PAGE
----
Featured Research

from universities, journals, and other organizations

Study suggests link between untreated depression and response to shingles vaccine

Date:
February 14, 2013
Source:
Infectious Diseases Society of America
Summary:
Results from a new study suggest a link between untreated depression in older adults and decreased effectiveness of the herpes zoster, or shingles, vaccine. Older adults are known to be at risk for shingles, a painful condition caused by the reactivation of the varicella-zoster virus, and more than a million new cases occur each year in the US. The vaccine boosts cell-mediated immunity to the virus and can decrease the incidence and severity of the condition.

Results from a new study published in Clinical Infectious Diseases suggest a link between untreated depression in older adults and decreased effectiveness of the herpes zoster, or shingles, vaccine. Older adults are known to be at risk for shingles, a painful condition caused by the reactivation of the varicella-zoster virus, and more than a million new cases occur each year in the U.S. The vaccine boosts cell-mediated immunity to the virus and can decrease the incidence and severity of the condition.

In a two-year study, led by Michael Irwin, MD, at the University of California-Los Angeles, researchers measured the immune responses to shingles vaccination among 40 subjects aged 60 or older with a major depressive disorder and compared these responses to similar levels in 52 control patients matched by age and gender. Measurements were taken at baseline, and then 6 weeks, 1 year, and 2 years after the patients received the shingles vaccine or a placebo.

Depressed patients not being treated with antidepressants (selective serotonin uptake inhibitors) had lower cell-mediated immunity to the varicella-zoster virus -- and were less able to respond to the shingles vaccine -- compared with patients who were not depressed or who were depressed but were receiving treatment with antidepressants, the researchers found.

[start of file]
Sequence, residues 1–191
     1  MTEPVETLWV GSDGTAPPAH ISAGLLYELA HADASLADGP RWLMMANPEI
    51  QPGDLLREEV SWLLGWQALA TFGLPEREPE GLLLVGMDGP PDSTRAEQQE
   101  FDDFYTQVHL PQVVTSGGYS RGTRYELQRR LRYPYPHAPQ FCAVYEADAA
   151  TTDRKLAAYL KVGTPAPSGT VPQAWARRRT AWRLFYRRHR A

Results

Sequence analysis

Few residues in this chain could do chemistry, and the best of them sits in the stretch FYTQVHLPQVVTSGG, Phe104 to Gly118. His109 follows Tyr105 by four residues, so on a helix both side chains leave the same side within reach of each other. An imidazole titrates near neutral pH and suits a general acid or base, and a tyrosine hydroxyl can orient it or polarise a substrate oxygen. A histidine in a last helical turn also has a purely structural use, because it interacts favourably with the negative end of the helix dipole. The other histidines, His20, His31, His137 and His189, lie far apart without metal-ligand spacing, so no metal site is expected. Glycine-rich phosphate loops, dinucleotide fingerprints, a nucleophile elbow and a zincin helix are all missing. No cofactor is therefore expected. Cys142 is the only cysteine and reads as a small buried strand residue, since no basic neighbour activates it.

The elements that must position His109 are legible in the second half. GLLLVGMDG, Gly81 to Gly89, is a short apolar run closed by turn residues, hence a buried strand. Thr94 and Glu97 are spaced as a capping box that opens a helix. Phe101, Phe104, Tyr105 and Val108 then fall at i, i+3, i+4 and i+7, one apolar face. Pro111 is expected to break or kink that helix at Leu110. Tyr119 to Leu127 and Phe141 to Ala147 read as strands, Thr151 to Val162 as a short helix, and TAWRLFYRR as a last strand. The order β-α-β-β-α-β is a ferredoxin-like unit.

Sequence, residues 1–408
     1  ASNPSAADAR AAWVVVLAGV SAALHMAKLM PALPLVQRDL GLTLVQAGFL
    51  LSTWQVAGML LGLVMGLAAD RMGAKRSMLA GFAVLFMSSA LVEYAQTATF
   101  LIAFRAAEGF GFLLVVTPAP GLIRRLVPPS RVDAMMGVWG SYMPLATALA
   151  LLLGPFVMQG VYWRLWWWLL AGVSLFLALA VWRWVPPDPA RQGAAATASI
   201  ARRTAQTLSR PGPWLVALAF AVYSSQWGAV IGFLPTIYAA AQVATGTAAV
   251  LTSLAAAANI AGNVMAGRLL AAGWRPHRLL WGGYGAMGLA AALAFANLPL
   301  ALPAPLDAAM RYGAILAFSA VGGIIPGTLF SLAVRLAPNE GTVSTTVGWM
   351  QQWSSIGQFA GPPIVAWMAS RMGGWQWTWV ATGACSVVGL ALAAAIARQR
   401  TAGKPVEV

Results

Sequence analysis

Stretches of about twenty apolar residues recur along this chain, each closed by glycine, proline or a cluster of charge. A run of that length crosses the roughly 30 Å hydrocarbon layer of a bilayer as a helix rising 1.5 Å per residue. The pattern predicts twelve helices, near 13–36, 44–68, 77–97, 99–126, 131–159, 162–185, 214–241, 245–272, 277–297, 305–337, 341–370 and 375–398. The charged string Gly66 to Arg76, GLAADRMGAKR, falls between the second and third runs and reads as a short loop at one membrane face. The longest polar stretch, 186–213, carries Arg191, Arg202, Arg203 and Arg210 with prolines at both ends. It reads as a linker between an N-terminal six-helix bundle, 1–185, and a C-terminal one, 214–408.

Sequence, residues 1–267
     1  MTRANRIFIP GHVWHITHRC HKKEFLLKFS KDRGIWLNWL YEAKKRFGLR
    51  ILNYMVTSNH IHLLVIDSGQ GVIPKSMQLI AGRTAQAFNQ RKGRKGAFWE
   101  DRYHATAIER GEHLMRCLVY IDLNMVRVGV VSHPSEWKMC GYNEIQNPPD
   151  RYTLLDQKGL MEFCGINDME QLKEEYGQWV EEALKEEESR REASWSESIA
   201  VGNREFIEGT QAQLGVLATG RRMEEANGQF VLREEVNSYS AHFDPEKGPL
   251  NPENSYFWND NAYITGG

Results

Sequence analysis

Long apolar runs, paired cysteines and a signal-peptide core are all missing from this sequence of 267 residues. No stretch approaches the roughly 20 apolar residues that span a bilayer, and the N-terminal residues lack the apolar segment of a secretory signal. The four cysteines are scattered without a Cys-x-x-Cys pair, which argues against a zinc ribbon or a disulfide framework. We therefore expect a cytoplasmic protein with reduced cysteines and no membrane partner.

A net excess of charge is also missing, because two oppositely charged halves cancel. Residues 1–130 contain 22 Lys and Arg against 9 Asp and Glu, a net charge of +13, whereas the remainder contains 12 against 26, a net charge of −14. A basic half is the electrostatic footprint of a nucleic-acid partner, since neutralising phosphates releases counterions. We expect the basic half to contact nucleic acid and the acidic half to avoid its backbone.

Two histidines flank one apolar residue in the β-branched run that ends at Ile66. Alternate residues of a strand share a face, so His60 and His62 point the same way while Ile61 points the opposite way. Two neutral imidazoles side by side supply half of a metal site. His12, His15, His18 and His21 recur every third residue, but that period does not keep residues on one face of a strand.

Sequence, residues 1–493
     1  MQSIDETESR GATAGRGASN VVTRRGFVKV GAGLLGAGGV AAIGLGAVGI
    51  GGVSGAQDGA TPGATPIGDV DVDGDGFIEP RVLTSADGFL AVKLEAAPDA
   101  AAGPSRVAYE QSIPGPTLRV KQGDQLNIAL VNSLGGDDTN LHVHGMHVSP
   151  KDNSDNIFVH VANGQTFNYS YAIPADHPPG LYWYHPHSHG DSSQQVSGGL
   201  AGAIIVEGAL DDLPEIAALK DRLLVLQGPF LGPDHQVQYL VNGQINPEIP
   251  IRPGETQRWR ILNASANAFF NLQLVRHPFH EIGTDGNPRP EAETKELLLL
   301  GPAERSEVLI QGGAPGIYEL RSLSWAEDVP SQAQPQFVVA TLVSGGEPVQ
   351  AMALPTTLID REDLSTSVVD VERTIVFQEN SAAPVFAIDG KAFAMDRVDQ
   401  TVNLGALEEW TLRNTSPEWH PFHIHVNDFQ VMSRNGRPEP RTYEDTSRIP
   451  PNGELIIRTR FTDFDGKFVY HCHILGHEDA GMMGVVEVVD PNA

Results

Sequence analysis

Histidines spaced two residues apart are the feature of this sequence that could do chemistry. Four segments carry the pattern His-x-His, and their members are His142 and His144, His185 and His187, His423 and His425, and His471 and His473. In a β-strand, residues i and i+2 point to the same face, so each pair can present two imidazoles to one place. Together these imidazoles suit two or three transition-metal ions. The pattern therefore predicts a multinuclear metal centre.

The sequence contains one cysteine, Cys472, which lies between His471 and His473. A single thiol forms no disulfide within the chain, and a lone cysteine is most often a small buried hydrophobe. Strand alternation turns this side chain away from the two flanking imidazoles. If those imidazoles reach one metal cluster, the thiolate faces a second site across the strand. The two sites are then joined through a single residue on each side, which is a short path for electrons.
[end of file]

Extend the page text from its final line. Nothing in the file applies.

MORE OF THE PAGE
The findings suggest that patients with untreated depression were "poorly protected by shingles vaccination," said Dr. Irwin. Depression treatment, on the other hand, boosted cell-mediated immunity and increased the effectiveness of the vaccine among those studied, even when the treatment did not lessen depression symptoms, the researchers found. Treating depression, noted Dr. Irwin, appeared to "normalize the immune response to the zoster vaccine" in the study.

Larger studies are needed to evaluate the possible relationship between untreated depression and the risk of shingles, the study authors noted, along with research to establish what mechanisms are responsible for patients' reduced immune response. The possible connection, however, is potentially significant: If antidepressants increase the efficacy of the shingles vaccine in those who are depressed, such treatment may have a similar effect on the immune response of depressed patients to other important vaccines, such those against influenza.

Diagnosis and treatment of depression in older adults may increase of the effectiveness of the shingles vaccine and help diminish the risk of shingles, the study authors conclude from their findings. "Efforts are also needed to identify and diagnose depressed elderly patients who might benefit from either a more potent vaccine or a multi-dose vaccination schedule," Dr. Irwin said.


Story Source:

The above story is based on materials provided by Infectious Diseases Society of America. Note: Materials may be edited for content and length.


Journal Reference:

  1. Michael R. Irwin, Myron J. Levin, Mark L. Laudenslager, Richard Olmstead, Anne Lucko, Nancy Lang, Carmen Carrillo, Harold A. Stanley, Michael J. Caulfield, Adriana Weinberg, Ivan S. F. Chan, Jim Clair, Jeff G. Smith, R. D. Marchese, Heather M. Williams, Danielle J. Beck, Patricia T. McCook, Jane H. Zhang, Gary Johnson, and Michael N. Oxman. Varicella Zoster Virus–Specific Immune Responses to a Herpes Zoster Vaccine in Elderly Recipients With Major Depression and the Impact of Antidepressant Medications. Clinical Infectious Diseases, 2013; DOI: 10.1093/cid/cis1208